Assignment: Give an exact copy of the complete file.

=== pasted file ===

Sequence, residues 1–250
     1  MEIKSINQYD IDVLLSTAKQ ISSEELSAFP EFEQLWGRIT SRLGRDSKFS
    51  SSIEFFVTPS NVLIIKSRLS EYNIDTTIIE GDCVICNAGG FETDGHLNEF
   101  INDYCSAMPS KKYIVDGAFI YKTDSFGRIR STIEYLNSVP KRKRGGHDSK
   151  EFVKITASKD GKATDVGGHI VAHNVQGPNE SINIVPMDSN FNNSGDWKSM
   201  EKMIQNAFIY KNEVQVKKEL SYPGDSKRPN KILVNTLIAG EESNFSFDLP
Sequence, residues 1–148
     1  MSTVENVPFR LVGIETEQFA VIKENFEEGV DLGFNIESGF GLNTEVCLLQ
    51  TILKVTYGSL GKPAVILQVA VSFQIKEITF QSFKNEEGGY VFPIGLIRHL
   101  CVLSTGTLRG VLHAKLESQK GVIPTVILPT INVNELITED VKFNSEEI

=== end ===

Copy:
Sequence, residues 1–250
     1  MEIKSINQYD IDVLLSTAKQ ISSEELSAFP EFEQLWGRIT SRLGRDSKFS
    51  SSIEFFVTPS NVLIIKSRLS EYNIDTTIIE GDCVICNAGG FETDGHLNEF
   101  INDYCSAMPS KKYIVDGAFI YKTDSFGRIR STIEYLNSVP KRKRGGHDSK
   151  EFVKITASKD GKATDVGGHI VAHNVQGPNE SINIVPMDSN FNNSGDWKSM
   201  EKMIQNAFIY KNEVQVKKEL SYPGDSKRPN KILVNTLIAG EESNFSFDLP
Sequence, residues 1–148
     1  MSTVENVPFR LVGIETEQFA VIKENFEEGV DLGFNIESGF GLNTEVCLLQ
    51  TILKVTYGSL GKPAVILQVA VSFQIKEITF QSFKNEEGGY VFPIGLIRHL
   101  CVLSTGTLRG VLHAKLESQK GVIPTVILPT INVNELITED VKFNSEEI